Social networks represent a vast pool of potential customers for your business and, understandably, an entire industry, dubbed social media marketing, has sprung up around this fact.
Unlike most traditional forms of advertising, social media marketing typically comes at no cost outside of the time needed to build worthwhile social accounts. Anyone in the world, from small bloggers to huge corporations, has instant access to millions of people just waiting to be turned into consumers. While there are obvious benefits revealed in that statement, the fact that anyone can market to anyone via Facebook, Twitter and friends has an inevitable consequence: universally hated spam.
We all know spam from our email inboxes and we all feel more or less the same way about it; that is, very negatively. Given that fact, it should be important to any social media marketer to be sure that their social media advertising habits stay well on the good side of the spam line.
Take a look at these social media ad types and determine for yourself: are they legitimate marketing methods or simply social media spam?
1. Inappropriate friend and follow requests
Whether you use Facebook or LinkedIn, Twitter or Google+, it is very likely that you are “friends” with at least a few people that you really aren’t friends with at all. While this can be appropriate and useful when networking far-flung colleagues and business professionals, is it generally considered spammy to send friend requests to people that you intend only to market to?
The simple answer is yes. While you may get lucky once or twice, the majority of people that you befriend online simply to promote your website or product will not be interested, if only due to the fact that they are entirely untargeted. Add in the fact that most social networks frown upon aggressive befriending and following and you definitely do not have a recipe for success.
2. Posting your website and product links in your social steam
When working to gain targeted followers on your social media accounts pays dividends and you find yourself with an audience, the time has come to begin marketing efforts for your website. Posting links and promotional material into social streams like a Facebook wall is entirely common – but is it spam?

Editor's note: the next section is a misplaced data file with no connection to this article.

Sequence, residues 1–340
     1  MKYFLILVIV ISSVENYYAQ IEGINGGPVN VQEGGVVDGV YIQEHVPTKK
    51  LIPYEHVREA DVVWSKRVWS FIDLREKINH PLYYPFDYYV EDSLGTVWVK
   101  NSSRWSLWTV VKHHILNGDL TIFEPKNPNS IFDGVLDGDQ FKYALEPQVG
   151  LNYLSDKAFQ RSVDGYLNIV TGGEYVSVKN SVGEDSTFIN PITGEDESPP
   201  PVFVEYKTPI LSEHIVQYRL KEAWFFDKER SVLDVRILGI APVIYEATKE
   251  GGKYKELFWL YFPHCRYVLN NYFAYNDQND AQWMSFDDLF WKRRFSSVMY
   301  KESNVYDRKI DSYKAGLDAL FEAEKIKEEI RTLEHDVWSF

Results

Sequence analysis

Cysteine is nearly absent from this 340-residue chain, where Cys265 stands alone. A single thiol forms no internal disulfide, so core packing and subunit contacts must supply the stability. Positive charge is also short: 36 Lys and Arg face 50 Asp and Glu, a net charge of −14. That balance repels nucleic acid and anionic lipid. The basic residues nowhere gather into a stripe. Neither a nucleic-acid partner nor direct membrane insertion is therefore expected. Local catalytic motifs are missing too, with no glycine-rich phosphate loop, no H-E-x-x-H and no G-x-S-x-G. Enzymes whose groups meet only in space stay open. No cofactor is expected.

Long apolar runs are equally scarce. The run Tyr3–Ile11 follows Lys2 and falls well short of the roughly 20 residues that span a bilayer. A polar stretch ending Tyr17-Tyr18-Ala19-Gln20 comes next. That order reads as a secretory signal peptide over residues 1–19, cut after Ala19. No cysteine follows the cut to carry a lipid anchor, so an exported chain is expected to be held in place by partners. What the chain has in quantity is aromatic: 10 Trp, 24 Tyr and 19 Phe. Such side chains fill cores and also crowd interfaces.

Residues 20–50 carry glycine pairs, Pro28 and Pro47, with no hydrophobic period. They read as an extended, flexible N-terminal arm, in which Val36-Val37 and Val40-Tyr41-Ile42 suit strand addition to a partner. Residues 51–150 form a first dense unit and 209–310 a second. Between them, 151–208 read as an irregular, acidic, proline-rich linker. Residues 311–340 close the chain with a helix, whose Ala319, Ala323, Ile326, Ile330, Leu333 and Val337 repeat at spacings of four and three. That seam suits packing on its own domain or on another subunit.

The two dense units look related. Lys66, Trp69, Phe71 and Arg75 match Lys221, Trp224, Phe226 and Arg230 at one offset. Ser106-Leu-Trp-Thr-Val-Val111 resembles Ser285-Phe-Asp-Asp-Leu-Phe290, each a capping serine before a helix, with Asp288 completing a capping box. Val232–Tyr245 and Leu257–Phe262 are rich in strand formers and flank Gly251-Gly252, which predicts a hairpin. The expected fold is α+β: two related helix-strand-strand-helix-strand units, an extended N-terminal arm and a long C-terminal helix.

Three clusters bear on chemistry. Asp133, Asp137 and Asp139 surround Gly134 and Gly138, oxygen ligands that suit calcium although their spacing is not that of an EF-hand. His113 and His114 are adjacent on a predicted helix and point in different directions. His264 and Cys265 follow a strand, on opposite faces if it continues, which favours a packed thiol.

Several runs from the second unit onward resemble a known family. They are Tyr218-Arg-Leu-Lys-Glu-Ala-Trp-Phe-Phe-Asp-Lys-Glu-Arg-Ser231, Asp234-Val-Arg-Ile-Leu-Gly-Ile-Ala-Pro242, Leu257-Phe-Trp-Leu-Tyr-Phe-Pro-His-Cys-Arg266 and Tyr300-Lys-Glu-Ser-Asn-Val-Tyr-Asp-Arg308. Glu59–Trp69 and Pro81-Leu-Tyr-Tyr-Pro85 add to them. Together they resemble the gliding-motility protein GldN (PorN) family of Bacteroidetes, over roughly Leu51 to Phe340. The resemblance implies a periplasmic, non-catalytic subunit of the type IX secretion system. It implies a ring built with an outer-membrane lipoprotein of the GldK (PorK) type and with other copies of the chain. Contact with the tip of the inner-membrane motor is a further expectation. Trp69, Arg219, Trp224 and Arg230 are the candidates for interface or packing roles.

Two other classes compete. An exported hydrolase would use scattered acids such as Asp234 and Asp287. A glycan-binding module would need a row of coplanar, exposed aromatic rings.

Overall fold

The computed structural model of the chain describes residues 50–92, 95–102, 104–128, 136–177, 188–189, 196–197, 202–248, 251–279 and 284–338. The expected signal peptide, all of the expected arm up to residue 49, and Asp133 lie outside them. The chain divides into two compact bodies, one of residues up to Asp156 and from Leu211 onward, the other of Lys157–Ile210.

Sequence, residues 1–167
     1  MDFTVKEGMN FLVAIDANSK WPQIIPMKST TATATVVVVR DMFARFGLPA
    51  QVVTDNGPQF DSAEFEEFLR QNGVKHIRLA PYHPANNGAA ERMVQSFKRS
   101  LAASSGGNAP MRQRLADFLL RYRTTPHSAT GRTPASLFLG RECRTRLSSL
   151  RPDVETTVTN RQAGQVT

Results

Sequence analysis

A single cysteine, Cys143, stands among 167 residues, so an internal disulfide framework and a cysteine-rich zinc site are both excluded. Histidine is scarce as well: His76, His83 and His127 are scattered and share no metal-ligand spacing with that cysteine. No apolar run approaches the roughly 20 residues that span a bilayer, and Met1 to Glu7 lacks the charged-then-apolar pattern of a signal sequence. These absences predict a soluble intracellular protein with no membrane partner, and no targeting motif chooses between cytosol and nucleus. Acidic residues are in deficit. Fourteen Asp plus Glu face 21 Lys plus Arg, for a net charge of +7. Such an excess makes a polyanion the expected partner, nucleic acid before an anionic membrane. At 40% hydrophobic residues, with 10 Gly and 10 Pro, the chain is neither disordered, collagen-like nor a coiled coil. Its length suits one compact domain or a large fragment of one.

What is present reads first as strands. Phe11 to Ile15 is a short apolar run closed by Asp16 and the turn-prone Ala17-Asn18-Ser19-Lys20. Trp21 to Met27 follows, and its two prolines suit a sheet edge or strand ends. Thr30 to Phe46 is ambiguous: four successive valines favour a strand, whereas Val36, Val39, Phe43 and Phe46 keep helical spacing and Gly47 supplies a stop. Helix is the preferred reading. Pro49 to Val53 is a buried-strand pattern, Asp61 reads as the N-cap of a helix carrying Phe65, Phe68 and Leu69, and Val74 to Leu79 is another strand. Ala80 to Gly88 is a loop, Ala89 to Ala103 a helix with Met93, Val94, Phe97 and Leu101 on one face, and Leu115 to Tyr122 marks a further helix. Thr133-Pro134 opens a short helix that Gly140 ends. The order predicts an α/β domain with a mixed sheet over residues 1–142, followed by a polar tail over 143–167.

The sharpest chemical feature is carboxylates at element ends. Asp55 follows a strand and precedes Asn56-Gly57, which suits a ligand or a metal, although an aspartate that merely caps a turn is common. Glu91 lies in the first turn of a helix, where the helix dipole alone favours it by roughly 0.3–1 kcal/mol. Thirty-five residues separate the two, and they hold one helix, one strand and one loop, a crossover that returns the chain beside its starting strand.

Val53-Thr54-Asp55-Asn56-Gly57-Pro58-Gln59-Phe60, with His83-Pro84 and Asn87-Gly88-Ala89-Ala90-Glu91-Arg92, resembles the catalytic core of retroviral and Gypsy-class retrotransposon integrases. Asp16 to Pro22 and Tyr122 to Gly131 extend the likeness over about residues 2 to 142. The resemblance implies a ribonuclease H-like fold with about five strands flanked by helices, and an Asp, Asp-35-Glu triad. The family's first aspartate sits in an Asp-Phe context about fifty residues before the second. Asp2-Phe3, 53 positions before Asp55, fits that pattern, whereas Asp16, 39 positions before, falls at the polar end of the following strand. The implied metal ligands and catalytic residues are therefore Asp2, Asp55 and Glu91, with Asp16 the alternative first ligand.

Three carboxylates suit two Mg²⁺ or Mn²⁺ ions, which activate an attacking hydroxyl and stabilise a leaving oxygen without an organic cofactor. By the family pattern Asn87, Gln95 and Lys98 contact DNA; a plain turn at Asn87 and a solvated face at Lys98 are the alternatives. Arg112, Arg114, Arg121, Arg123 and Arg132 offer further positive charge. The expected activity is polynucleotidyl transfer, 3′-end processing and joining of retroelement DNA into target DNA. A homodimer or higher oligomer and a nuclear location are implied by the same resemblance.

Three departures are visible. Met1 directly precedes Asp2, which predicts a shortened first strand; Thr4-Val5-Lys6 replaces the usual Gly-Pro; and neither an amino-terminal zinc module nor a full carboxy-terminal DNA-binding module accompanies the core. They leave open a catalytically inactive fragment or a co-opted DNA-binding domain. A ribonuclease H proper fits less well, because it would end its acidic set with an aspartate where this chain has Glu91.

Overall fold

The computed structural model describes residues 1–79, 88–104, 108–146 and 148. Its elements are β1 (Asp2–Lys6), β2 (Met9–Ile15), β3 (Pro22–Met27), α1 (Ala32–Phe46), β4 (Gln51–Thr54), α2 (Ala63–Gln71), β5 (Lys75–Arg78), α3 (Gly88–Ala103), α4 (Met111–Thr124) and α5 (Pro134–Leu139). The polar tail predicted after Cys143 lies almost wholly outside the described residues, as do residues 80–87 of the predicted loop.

No. Your Facebook wall, Twitter page and similar social streams are your own and you are free to include whatever posts you see fit so long as they are within the terms of service of the network in question. While perhaps not spam in and of itself, keep in mind that a Facebook wall full of only ads, product links and discount codes for your website certainly has a spammy look to it; consider interspersing your marketing efforts with content that looks like it came from a real, live human.
3. Sending unsolicited messages
With well-built social media accounts commonly being connected to hundreds, or even thousands, of people, the opportunity to get yourself heard via direct messages, tags, mentions and in-stream posts (such as adding content to someone else’s Facebook wall) abound, allowing you to get your promotional material out in a hurry. Are sending unsolicited messages and posting ads on other’s social media streams examples of spam?
Most definitely, unequivocally, yes. Just like the spam emails you likely see in your inbox every day offering products that you don’t need and services that you don’t want, direct social media messages to users not wanting them is sure to result in not only a non-customer but also a potential ban on your account. For every one visitor you receive from such tactics you’ll have rubbed one thousand others the wrong way; unsolicited direct spam is never the basis of a good social media marketing campaign.
All in all, social media marketing presents something of a slippery slope at times, making you walk a fine line between an impressively aggressive social marketer and an out-and-out spammer. For the sake of all of your potential visitors, existing customers and your fellow human beings, resist the urge the go overboard with your tactics. A single targeted lead is better than a million spam messages sent, any day of the week!
Jessy is a social media blogger for Life Insurance Finder, the free online app for life insurance comparison.